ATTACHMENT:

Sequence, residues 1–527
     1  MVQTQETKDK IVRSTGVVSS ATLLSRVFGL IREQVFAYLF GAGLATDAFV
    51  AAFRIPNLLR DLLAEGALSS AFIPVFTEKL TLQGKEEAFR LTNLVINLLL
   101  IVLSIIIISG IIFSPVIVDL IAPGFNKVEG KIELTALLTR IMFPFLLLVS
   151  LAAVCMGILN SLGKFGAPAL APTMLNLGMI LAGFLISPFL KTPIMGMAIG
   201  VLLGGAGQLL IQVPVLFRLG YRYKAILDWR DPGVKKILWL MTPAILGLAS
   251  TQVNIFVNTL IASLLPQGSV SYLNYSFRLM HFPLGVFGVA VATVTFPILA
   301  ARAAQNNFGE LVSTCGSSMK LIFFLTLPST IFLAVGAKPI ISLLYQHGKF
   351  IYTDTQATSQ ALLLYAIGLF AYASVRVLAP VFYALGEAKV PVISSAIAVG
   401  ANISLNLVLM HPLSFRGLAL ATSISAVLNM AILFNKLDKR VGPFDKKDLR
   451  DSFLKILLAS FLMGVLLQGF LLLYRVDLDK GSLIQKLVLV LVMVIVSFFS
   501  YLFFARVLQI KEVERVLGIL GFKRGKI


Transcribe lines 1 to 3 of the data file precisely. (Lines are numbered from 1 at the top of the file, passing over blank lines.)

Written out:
Sequence, residues 1–527
     1  MVQTQETKDK IVRSTGVVSS ATLLSRVFGL IREQVFAYLF GAGLATDAFV
    51  AAFRIPNLLR DLLAEGALSS AFIPVFTEKL TLQGKEEAFR LTNLVINLLL